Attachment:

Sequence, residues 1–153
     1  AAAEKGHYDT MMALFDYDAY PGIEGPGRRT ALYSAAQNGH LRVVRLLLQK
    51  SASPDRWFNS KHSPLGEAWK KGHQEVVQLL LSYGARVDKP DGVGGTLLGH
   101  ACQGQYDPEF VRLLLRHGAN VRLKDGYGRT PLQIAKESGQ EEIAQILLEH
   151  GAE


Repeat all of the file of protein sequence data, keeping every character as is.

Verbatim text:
Sequence, residues 1–153
     1  AAAEKGHYDT MMALFDYDAY PGIEGPGRRT ALYSAAQNGH LRVVRLLLQK
    51  SASPDRWFNS KHSPLGEAWK KGHQEVVQLL LSYGARVDKP DGVGGTLLGH
   101  ACQGQYDPEF VRLLLRHGAN VRLKDGYGRT PLQIAKESGQ EEIAQILLEH
   151  GAE